Iain Dale is Presenter of LBC Drive, Managing Director of Biteback Publishing, a columnist and broadcaster and a former Conservative Parliamentary candidate.

And so the Crown Prosecution Service decided to take no further action against the 14 MPs that the Electoral Commission fingered for allegedly filing inaccurate election expenses after the 2015 election. It has left left Craig Mackinlay in Thanet swinging in the wind, but I suspect he’ll be OK. I can’t imagine the CPS now making a decision on his case before polling day.

If it does, that could be a James Comey moment. When the election is over, some serious questions need to be asked about the conduct of the Electoral Commission. It is clear they have acted in a party-political manner. Both Labour and the Liberal Democrats filed their expenses in exactly the same way as the Conservatives did, and yet no action was taken. They also only targeted Tory candidates who got elected. They did nothing about those whose expenses were also supposedly inaccurate, but failed to get elected.

Each time I have asked the Electoral Commission for an interview, it has refused point blank. These people think they are accountable to no one.

I’ve said for a long time that this organisation is out of control and not fit for purpose. I hope the whole bloody thing is abolished. Electoral matters used to come under the remit of the Home Office, and it all worked perfectly well. There was little electoral fraud, and the postal voting system wasn’t abused.

If Nick Timothy is reading this, I’d imagine he has a lot of sympathy with what I have said. Let me put this idea into his head: I hope that an Electoral Commission (Abolition) Bill will be in Theresa May’s first Queen’s Speech. I suspect I will live in hope on that, but you never know.

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UKIP pretend that they are only standing down candidates where the Conservative MP or Tory candidate has an impeccable record of supporting Brexit. It’s simply not true.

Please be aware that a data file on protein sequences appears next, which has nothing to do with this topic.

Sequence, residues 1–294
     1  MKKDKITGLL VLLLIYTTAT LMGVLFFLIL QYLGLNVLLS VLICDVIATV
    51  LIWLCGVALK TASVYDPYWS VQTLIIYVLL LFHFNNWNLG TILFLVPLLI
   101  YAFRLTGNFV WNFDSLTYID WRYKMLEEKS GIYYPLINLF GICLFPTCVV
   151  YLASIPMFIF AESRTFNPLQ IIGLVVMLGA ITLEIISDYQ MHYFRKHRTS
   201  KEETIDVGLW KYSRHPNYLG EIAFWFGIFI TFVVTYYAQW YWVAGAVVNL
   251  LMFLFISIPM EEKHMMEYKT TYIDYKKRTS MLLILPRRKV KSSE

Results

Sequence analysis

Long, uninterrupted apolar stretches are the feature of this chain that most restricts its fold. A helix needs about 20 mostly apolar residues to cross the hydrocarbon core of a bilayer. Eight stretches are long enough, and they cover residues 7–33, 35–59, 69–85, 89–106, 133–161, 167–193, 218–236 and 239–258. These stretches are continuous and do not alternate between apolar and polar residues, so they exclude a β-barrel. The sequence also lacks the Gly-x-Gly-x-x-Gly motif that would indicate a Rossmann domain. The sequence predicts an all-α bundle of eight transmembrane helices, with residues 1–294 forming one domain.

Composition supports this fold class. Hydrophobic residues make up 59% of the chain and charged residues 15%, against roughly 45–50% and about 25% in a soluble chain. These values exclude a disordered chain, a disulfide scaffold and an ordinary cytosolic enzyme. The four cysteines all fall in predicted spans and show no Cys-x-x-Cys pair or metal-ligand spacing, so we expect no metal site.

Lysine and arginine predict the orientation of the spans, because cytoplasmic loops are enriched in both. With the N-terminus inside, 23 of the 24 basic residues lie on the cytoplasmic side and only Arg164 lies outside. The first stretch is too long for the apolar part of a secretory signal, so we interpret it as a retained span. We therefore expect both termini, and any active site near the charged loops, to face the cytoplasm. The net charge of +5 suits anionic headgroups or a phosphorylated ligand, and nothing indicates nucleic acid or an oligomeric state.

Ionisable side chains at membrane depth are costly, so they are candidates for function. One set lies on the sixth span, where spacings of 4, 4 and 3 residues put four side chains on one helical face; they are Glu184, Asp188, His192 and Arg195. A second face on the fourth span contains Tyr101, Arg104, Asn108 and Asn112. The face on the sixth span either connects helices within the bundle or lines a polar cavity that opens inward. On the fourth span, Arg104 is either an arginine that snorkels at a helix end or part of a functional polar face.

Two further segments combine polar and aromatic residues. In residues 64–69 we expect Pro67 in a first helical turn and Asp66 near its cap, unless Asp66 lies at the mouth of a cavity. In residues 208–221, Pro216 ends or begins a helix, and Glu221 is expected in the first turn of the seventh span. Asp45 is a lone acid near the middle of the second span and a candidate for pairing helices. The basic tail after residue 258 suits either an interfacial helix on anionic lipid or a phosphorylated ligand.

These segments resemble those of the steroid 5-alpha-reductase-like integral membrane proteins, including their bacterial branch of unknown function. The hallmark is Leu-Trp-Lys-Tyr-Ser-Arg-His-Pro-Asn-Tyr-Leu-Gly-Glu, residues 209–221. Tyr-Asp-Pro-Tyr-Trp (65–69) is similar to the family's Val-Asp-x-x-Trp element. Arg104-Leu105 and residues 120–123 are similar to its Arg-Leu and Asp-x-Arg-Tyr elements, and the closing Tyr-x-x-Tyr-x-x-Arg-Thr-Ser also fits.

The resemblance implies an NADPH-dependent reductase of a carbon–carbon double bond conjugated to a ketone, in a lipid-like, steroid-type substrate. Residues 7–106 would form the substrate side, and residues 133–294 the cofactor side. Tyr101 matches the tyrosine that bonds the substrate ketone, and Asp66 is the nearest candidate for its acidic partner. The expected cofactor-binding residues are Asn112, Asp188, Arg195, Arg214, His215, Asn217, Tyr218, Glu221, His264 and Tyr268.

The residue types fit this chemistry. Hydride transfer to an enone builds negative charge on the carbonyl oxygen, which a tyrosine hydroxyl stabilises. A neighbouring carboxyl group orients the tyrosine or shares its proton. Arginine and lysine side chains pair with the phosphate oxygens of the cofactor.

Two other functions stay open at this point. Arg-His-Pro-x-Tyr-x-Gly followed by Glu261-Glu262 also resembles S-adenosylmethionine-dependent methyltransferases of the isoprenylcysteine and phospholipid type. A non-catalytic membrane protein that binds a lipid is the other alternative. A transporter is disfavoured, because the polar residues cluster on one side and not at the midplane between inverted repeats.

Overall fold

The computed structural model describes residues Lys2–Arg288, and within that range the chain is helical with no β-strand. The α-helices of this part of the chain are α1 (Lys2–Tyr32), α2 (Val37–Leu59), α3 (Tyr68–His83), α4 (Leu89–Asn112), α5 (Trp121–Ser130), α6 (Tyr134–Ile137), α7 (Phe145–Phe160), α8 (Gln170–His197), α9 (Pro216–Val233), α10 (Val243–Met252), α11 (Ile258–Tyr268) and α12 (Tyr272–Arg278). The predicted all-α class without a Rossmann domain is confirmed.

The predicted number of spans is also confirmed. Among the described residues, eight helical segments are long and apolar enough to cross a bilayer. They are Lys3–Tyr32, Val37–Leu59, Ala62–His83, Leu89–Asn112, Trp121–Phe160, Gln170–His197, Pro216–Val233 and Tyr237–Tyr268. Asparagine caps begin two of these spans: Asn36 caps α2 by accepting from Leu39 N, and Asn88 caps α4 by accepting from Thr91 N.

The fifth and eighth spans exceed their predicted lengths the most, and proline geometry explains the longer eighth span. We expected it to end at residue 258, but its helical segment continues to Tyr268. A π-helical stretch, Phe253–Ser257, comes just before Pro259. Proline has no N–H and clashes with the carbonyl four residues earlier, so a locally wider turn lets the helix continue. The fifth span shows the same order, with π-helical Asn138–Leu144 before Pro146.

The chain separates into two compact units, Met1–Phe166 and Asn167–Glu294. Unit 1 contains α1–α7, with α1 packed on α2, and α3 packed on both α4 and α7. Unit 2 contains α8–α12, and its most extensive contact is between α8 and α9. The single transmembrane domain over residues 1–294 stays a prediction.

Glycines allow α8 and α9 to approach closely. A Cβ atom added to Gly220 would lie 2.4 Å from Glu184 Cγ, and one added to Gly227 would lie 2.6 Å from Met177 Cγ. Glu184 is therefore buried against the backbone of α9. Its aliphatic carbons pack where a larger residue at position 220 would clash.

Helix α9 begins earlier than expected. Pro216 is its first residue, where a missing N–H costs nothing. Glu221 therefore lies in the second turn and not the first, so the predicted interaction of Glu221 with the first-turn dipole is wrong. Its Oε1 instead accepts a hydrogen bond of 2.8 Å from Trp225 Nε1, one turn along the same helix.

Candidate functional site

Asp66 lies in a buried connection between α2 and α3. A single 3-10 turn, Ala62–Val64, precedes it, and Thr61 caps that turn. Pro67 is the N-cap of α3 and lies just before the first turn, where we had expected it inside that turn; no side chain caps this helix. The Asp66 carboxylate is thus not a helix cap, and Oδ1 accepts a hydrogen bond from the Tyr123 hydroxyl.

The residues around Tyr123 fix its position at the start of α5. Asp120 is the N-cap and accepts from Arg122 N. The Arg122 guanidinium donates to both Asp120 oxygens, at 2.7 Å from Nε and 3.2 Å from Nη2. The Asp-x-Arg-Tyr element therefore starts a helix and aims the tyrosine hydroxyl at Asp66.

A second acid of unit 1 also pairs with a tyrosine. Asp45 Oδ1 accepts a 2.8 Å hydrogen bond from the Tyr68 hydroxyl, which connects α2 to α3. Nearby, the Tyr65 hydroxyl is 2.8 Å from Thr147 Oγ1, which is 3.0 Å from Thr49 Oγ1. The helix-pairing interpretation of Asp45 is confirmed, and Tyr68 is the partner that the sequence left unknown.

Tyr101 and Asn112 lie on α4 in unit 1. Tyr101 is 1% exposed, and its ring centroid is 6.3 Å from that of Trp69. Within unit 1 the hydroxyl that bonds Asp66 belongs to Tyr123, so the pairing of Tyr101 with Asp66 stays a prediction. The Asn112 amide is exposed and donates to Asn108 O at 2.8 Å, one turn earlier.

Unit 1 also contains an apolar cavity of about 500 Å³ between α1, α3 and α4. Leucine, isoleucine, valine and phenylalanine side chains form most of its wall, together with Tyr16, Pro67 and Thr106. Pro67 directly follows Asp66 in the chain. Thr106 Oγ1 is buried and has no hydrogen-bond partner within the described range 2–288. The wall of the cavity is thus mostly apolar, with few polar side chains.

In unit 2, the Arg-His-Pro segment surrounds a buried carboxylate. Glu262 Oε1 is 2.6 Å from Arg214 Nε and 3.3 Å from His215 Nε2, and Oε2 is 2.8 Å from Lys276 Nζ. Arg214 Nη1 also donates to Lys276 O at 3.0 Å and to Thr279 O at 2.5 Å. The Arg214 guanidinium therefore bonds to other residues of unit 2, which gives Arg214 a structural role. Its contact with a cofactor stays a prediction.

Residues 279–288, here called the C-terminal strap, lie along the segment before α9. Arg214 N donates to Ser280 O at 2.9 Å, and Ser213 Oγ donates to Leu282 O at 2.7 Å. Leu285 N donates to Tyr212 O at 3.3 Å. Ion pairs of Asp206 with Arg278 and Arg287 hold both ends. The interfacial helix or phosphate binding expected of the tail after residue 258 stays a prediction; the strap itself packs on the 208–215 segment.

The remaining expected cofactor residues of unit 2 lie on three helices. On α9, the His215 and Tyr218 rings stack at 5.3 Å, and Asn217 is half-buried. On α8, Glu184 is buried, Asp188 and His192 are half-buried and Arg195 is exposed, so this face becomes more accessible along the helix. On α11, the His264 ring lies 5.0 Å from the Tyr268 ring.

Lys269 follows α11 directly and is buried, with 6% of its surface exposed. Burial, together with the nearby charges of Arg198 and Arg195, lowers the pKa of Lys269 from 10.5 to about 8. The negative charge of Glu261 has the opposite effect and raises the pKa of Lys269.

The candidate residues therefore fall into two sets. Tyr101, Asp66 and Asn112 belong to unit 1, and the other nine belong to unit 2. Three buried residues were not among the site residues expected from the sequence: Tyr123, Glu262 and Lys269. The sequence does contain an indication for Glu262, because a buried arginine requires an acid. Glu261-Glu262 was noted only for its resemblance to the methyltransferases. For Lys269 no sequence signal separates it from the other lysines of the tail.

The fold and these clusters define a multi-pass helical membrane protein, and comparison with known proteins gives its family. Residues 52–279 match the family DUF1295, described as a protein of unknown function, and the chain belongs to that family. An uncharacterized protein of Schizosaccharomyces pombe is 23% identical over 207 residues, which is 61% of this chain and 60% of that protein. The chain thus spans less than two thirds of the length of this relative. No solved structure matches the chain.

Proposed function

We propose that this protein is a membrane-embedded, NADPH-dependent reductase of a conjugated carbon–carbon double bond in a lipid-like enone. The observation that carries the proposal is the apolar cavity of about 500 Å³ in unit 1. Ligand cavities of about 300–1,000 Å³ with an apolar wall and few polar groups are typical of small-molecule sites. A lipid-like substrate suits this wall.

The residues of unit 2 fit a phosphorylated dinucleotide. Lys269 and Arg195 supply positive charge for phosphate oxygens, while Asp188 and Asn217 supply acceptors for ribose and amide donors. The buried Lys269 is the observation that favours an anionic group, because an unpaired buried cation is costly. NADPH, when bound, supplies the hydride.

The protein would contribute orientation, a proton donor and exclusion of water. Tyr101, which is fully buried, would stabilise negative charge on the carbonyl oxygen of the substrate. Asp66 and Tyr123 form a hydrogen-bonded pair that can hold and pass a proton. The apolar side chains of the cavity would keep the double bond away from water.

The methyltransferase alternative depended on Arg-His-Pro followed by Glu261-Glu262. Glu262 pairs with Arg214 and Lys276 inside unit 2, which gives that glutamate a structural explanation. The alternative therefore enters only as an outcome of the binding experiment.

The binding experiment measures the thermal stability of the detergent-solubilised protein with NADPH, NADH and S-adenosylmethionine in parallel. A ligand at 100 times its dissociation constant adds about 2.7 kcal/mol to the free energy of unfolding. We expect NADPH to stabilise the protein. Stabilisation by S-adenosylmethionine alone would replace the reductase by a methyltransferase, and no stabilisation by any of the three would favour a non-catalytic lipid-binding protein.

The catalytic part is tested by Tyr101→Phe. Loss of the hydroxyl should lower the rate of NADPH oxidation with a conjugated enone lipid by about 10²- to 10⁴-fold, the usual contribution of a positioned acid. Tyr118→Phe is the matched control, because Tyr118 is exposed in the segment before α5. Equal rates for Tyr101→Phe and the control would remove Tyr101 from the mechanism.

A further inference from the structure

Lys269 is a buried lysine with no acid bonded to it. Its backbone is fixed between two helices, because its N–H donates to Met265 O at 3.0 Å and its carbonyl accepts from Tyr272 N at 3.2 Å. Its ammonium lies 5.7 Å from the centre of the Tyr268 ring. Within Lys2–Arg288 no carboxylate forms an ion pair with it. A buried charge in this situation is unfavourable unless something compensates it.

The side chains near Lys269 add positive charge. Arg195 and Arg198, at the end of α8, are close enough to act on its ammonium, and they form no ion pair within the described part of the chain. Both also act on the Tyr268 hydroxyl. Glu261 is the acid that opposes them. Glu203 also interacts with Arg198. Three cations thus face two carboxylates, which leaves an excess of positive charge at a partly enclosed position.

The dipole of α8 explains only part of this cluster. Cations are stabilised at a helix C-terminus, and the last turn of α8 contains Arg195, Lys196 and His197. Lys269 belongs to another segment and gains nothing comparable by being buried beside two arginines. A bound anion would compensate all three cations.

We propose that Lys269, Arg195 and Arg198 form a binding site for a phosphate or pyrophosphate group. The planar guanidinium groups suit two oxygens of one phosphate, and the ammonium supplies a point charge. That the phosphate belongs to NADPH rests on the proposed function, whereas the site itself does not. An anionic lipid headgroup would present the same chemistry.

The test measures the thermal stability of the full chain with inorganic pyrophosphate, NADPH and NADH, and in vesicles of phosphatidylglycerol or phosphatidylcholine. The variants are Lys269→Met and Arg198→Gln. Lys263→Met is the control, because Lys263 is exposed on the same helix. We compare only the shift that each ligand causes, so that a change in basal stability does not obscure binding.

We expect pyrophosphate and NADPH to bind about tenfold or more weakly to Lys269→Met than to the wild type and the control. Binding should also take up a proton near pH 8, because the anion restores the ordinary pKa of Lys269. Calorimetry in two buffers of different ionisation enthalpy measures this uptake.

In Norfolk, the party is not fielding a candidate against Chloe Smith in Norwich North, who was a devout Remain supporter, if I remember rightly. They’re also not standing in Norwich South, which could enable a big electoral surprise to happen. Clive Lewis, the Labour candidate, who won the seat in 2015, and is seen as a possible successor to Jeremy Corbyn, could be in a bit of trouble.

My old opponent in North Norfolk may also be experiencing a sensation of the squeaky bum variety. Norman Lamb has a majority of around 4,500. UKIP’s vote last time there was more than 8,000, and it isn’t standing a candidate. The recently selected Conservative candidate there, James Wild, may well find all his Christmases have come at once.

All this means that my prediction of a Tory majority of 130 may well have to be revised upwards, depending on how many UKIP candidates are standing in Labour/Conservatve or LibDem/Conservative marginals. Nominations closed at 4pm yesterday, so at the time of writing, the numbers are not yet clear.

It is in many ways shameful that UKIP isn’t standing in every seat. It is supposed to be a national political party. Just like the fraudulent “Progressive Alliance” (commonly known as the “Anyone But The Tories’ Alliance”), it won’t be giving its supporters a chance to vote for it. The LibDems are standing down in several seats too, so there are only two parties now who can genuinely call themselves ‘national’ parties.

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Michael Crick tweeted a very serious allegation this week. He wrote: “What shocks me is reporters collaborating with May press team by agreeing to reveal their questions to them in advance.”

I responded by asking him to provide some evidence for that. He declined to do so. He can’t – because there is none. He’s impugned the character of such people as Laura Kuennsberg, Faisal Islam and various print newspaper journalists. He should put up or withdraw.

I know of no journalist who would ever consider giving details of their questions to politicians in advance. I have never been asked to do so, and nor would I ever do so. To suggest that others would is an absolute disgrace.

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I do sometimes wonder about some people who run for political office. Last Friday, I was ambling to Charing Cross Station, and encountered a Government Minister on his bike, cycling around without a seeming care in the world.

OK, he’s in a safe seat, but at seven o’clock on a Friday evening you might have thought he’d be out canvassing, along with the poor bloody infantry. And then I see the Conservative candidate for Natasha Ashgar trumpeting on Twitter about her music tour: “Tonight Leicester, tomorrow Manchester…”.

Call me old fashioned, but I’d have thought if you’d just been selected in a highly marginal seat, which the Conservatives might expect to win, you’d clear your diary, head down to Newport (assuming that she knows where it is), and put your shoulder to the campaigning wheel. Maybe it was different in “my day”.

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I had a text from a friend of mine in Norwich South yesterday. “OMG Labour canvassing on my doorstep and I told them I wouldn’t be voting for Clive Lewis as he was a tosser. Poor lad could only reply: “You’re not the first to say that today.” And my friend isn’t even a Tory!

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Quote of the week from Nadhim Zahawi on my radio show: “Theresa May is not a Prime Minister for soundbites…”. Mind you, he did say it in a very strong and stable way… without the hand of history on his shoulder.